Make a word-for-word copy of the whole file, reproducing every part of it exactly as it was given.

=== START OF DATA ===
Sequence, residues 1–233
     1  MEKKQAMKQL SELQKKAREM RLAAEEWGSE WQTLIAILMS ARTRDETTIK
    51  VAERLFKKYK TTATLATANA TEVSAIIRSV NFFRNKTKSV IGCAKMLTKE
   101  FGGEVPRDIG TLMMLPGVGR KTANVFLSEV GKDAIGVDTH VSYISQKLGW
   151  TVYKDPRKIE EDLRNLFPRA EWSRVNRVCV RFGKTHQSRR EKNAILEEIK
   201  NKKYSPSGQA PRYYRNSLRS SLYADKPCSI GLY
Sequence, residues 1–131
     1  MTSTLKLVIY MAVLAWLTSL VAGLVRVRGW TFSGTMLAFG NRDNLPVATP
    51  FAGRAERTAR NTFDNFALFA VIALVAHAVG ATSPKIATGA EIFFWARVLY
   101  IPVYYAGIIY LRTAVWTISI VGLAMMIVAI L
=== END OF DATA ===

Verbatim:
Sequence, residues 1–233
     1  MEKKQAMKQL SELQKKAREM RLAAEEWGSE WQTLIAILMS ARTRDETTIK
    51  VAERLFKKYK TTATLATANA TEVSAIIRSV NFFRNKTKSV IGCAKMLTKE
   101  FGGEVPRDIG TLMMLPGVGR KTANVFLSEV GKDAIGVDTH VSYISQKLGW
   151  TVYKDPRKIE EDLRNLFPRA EWSRVNRVCV RFGKTHQSRR EKNAILEEIK
   201  NKKYSPSGQA PRYYRNSLRS SLYADKPCSI GLY
Sequence, residues 1–131
     1  MTSTLKLVIY MAVLAWLTSL VAGLVRVRGW TFSGTMLAFG NRDNLPVATP
    51  FAGRAERTAR NTFDNFALFA VIALVAHAVG ATSPKIATGA EIFFWARVLY
   101  IPVYYAGIIY LRTAVWTISI VGLAMMIVAI L